Nothing too inspirational happened today. I was too lethargic to read, although I started a very interesting book by Dr. Patricia Churchland called Touching a Nerve. She and her husband Dr. Paul Churchland are neurophilosophers, a subject I find extremely interesting and hope to write about in the near future.
I found myself staring at my blank watercolor paper with nothing to say (at least on a conscious level). So I decided to concentrate on process only.
Today’s watercolor experiment:
My eyes glanced from palette to paper and back. I finally settled on cadmium orange as my first attack on the paper. No real reason except that it was a beautiful color and it was not transparent. Somehow I wanted to cover a strip of the paper with a bright color. Before it dried, I echoed its arc with Winsor yellow. I knew they would merge and blend. Both being heavy opaque colors, they didn’t blend too much, leaving a short transition from orange to yellow.
While these two arcs were drying, I painted around the border of the paper with watery neutral tint. I wanted the border to be soft, in contrast with the sharp arcs I just painted. I mopped up some of the gray tint with paper towels. In some places, I placed my letter opener on the paper towel as it lay on the wet surface, to get soft, white lines where its edge pressed the paper towel into the wet paper. I tried to fill these white spaces with red pigment with a small round brush, after it dried.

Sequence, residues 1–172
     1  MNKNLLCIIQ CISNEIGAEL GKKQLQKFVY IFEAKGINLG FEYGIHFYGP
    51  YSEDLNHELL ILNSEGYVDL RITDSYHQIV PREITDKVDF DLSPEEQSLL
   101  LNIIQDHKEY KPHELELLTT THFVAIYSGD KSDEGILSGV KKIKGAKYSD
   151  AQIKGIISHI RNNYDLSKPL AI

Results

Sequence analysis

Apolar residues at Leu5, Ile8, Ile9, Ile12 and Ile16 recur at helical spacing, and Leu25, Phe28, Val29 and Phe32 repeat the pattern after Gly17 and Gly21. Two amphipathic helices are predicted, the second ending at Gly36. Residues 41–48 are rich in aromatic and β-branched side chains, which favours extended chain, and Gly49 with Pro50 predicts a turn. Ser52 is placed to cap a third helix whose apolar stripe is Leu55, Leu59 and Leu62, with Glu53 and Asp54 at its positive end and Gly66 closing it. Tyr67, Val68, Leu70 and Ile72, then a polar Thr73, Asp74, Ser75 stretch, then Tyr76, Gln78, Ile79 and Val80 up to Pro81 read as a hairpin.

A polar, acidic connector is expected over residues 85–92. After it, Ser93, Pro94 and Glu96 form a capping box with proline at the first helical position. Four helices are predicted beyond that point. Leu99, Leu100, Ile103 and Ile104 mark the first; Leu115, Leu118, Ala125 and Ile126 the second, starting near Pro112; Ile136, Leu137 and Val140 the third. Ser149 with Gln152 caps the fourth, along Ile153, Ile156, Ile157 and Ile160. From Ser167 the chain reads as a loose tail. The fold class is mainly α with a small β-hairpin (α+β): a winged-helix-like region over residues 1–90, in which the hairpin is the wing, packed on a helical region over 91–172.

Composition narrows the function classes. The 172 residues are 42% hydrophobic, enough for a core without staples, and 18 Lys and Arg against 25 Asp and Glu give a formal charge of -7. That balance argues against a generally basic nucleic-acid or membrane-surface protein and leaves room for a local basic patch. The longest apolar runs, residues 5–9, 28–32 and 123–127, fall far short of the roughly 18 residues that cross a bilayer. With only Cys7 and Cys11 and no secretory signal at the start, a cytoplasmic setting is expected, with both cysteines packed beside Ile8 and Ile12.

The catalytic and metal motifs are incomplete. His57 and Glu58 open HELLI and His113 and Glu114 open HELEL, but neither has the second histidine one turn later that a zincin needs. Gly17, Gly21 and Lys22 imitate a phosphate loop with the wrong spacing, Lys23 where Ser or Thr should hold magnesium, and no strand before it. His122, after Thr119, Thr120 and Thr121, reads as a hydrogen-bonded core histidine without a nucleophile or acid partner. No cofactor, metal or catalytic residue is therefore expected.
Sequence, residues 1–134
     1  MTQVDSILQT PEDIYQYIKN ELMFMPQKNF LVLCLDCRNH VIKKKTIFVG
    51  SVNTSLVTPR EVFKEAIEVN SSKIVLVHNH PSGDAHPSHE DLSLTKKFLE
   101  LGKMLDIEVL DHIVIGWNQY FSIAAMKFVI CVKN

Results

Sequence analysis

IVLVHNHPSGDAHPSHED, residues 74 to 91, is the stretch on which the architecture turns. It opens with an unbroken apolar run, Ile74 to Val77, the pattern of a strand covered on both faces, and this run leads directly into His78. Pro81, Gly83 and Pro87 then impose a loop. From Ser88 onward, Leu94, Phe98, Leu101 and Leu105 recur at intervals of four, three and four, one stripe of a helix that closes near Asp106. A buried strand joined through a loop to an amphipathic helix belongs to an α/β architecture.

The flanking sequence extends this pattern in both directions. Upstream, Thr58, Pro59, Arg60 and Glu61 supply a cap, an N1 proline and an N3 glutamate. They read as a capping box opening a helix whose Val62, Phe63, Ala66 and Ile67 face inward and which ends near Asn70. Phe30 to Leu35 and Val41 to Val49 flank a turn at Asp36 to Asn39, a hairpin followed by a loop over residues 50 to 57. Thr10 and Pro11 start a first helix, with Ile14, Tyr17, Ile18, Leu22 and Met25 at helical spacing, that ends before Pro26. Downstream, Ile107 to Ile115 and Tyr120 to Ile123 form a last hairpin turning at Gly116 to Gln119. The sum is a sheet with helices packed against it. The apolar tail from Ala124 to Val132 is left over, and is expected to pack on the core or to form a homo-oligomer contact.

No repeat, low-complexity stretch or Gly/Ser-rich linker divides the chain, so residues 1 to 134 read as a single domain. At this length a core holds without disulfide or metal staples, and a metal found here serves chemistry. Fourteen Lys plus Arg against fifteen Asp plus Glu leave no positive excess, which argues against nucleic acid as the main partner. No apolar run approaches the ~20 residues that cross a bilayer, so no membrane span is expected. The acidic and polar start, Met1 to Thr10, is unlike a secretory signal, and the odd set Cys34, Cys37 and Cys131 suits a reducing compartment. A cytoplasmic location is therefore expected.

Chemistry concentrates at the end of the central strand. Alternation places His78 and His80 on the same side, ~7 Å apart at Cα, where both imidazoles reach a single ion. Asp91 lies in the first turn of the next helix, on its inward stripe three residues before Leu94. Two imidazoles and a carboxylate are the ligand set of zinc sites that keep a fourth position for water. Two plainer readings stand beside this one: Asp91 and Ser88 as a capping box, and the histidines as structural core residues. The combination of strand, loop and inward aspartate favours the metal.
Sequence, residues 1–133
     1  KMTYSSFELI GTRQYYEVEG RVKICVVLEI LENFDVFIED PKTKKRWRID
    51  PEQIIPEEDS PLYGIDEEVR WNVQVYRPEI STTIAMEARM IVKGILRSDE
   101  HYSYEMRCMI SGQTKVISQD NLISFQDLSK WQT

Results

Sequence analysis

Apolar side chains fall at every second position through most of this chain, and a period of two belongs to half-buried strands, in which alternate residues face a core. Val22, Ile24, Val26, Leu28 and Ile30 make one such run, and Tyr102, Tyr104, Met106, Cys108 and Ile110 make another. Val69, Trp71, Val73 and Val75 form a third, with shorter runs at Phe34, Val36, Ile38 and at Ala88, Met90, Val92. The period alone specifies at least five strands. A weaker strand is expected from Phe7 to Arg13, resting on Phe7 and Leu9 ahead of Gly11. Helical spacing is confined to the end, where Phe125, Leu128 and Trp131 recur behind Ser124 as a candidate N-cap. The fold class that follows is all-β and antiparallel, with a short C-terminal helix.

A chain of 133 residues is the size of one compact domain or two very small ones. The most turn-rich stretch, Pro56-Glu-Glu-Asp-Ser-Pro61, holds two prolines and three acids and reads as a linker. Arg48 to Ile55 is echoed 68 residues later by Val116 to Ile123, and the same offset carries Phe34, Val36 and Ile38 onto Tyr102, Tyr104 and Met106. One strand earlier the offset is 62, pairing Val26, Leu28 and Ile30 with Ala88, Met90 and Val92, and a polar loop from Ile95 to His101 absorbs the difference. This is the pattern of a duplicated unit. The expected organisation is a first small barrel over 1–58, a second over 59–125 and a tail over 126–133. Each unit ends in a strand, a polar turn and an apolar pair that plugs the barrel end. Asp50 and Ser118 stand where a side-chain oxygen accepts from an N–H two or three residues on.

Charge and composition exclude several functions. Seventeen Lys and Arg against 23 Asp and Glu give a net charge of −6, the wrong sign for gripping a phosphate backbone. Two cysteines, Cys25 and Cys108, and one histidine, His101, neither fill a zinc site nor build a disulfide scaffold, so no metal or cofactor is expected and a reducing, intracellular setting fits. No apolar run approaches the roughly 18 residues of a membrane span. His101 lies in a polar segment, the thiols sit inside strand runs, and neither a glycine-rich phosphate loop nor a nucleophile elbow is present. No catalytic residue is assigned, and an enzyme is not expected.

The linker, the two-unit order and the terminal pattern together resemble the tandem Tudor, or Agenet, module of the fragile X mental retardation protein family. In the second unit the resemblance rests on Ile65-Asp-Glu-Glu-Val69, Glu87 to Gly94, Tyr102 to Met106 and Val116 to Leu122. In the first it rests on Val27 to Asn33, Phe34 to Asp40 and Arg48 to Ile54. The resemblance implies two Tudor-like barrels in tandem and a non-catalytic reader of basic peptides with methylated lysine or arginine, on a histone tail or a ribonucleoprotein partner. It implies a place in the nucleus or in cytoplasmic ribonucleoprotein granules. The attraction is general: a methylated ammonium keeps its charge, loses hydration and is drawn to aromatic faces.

I drew three flat brushstrokes with a nearly dry, wide brush, from the center or the arcs to the upper right corner of the picture plane.
Returning to the arcs, I again echoed the inner curve, this time with permanent mauve. I was trying to attain maximal contrast between two strongly-defined contours. The trailing edge of the mauve field outlined the middle gray brushstroke. I placed a gray swirl over the rest of the gray brushstrokes. Later, reworked it with quinacridone purple.
I tried to increase edge contrast on the convex side of the arcs, bringing peacock blue from the edge of the orange to the edge of the paper.
I stepped back from the painting after letting it sit for a while and decided it needed some bold strokes. I used neutral tint and a number 12 brush for this, drawing it from upper right diagonally down in two different slashes.
The two dark lines combined with their enclosed figures, impart a feeling of motion. I’ve noticed that I use the spiral icon quite a bit in my studies. I’m not sure why this is, although spiral symmetry is prevalent in nature. The saturated colors with their well defined boundaries are set in opposition to the unsaturated gray, less defined area above a diagonal drawn from upper left to lower right.